Alexsandr A. Moskalev never found the level of success that his Soviet World War 2-era (1939-1945) peers found - most of his forward-thinking designs ended their days as mere "paper airplanes". Plenty of contributions were apparent, however, and these ranged from the SAM-1 sesquiplane monoplane fighter of 1930 to the SAM-28 motorized glider of 1943. In-between there lay a plethora of design forms that included the "SAM-23", a single-seat, single-engine ground-attack aircraft of unique design form appearing during the fighting of World War 2 in 1943.
NOTE: The "SAM-23" designation was also used for a later troop-carrying glider of 1944. While incorporating a twin-boom layout, it held a boxy fuselage and was its own design apart from the SAM-23 ground-attack platform detailed in this article.
The aircraft was given a centralized nacelle making up the fuselage and housing the avionics, cockpit, and propulsion system while the tail section was made up of a twin-boom configuration. The single-seat cockpit was positioned just aft of the rounded nose section and covered over in a framed canopy. Views to the rear were obstructed by the raised dorsal spine as well as the wing mainplanes, which were shoulder-mounted atop the fuselage. The engine was seated aft and above the pilot's position in "pusher" configuration and set to drive a simple two-bladed propeller unit - pushing air between the two tail booms. The booms were joined at the aft-end of the aircraft by a single horizontal plane which, rather interestingly, mounted only a single vertical tail fin (two outboard planes were typical of such designs). The undercarriage was fixed and of a tail-dragger arrangement, incorporating two large main wheels forward and a small single wheel aft.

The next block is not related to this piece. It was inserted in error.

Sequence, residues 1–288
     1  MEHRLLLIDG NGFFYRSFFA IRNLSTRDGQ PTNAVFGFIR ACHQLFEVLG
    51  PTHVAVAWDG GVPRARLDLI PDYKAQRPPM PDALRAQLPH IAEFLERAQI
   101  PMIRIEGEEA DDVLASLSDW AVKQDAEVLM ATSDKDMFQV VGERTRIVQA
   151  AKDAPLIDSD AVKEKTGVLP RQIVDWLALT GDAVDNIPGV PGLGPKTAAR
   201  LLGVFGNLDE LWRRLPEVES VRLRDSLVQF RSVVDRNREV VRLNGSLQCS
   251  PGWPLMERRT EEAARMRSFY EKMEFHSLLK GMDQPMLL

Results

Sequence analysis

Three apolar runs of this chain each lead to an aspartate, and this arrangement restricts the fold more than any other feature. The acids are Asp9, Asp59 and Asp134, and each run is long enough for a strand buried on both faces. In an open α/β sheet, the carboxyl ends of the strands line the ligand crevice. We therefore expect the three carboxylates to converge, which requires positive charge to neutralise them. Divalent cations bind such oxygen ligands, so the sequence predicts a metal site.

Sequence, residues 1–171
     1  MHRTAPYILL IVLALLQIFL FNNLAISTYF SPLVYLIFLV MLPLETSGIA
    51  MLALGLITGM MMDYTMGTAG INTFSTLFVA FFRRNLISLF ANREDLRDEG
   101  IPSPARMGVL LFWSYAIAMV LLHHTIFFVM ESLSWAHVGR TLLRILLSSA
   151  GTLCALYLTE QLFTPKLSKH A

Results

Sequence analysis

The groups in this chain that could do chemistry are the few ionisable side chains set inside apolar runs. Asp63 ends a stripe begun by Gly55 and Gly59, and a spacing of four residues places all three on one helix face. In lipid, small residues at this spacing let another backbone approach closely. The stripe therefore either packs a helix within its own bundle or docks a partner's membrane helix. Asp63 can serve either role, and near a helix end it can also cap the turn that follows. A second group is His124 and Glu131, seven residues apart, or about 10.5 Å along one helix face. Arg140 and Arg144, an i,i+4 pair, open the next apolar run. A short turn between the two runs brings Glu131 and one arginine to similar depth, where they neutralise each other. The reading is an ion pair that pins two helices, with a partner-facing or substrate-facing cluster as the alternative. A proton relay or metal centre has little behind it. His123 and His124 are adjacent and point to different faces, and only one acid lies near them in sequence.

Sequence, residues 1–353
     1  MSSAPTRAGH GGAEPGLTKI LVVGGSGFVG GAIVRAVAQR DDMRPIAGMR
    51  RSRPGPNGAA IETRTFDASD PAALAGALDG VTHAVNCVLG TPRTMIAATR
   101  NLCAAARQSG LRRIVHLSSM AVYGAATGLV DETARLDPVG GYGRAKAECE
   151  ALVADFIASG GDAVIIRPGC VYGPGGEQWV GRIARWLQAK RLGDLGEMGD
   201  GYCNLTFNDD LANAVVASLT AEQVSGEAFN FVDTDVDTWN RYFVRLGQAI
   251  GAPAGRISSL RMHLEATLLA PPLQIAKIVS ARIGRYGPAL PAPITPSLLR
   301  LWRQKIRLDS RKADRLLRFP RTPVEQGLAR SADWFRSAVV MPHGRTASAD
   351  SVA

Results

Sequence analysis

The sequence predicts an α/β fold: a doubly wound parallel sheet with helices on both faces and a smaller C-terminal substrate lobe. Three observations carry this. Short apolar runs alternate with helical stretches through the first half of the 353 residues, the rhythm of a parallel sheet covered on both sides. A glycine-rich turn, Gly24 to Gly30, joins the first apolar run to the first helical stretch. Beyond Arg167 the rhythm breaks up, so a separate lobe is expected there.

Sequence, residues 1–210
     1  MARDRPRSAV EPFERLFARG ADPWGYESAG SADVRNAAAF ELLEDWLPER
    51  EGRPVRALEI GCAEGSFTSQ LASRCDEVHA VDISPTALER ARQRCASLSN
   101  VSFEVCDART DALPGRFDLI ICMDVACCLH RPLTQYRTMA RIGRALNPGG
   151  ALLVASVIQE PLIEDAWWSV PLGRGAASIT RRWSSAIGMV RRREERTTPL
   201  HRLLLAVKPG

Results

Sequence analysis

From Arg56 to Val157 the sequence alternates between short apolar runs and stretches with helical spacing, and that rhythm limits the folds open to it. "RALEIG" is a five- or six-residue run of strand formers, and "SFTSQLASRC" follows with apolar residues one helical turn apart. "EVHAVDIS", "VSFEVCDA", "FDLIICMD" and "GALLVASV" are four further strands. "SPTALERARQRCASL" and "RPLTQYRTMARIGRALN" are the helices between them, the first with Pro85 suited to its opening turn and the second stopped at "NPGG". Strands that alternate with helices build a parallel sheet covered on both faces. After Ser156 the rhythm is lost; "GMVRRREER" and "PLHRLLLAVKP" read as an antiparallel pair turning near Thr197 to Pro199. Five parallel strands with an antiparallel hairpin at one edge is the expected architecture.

Drive power was to come from 1 x Mikulin M-11 series engine offering 150 horsepower.
One of the more interesting aspects the aircraft was a retracting tail wheel skid that is explained as a rudimentary terrain-following device, lowered and raised as needed.
The aircraft was proposed with armament comprised of 2 x 20mm ShVAK autocannons as well as 2 x 7.62mm ShKAS machine guns to go along with support for up to 4 x RS-82 air-to-surface rockets. This would have given it considerable killing power for the period, certainly suitable for ground-attack sorties against German convoys and static postions.
Like other Moskalev designs of the period, the radical SAM-23 proposal was not advanced.
Production 0 Units
Moskalev - Soviet Union
Soviet Union (cancelled).
- Close-Air Support (CAS)
- X-Plane / Developmental
1 x Mikulin M-11 piston engine developing 150 horsepower and driving a two-bladed propeller unit in pusher configuration at the rear of the fuselage nacelle.
(Showcased performance values pertain to the Moskalev SAM-23 production model; Compare this aircraft entry against any other in our database)
2 x 20mm ShVAK autocannons.
2 x 7.62mm ShKAS machine guns.
4 x RS-82 air-to-surface rockets.
(Showcased armament details pertain to the Moskalev SAM-23 production model)
SAM-23 - Base Project Designation.
Values are derrived from a variety of categories related to the design, overall function, and historical influence of this aircraft in aviation history.
The overall rating takes into account over 60 individual factors related to this aircraft entry. The rating is out of a possible 100.
Aviation Era Span
Showcasing era cross-over of this aircraft design.
The "Military Factory" name and MilitaryFactory.com logo are registered ® U.S. trademarks protected by all applicable domestic and international intellectual property laws. All written content, illustrations, and photography are unique to this website (unless where indicated) and not for reuse/reproduction in any form. Material presented throughout this website is for historical and entertainment value only and should not to be construed as usable for hardware restoration, maintenance, or general operation. We do not sell any of the items showcased on this site. Please direct all other inquiries to militaryfactory AT gmail.com.
Part of a network of sites that includes GlobalFirepower, a data-driven property used in ranking the top military powers of the world and WDMMA.org, the World Directory of Modern Military Aircraft.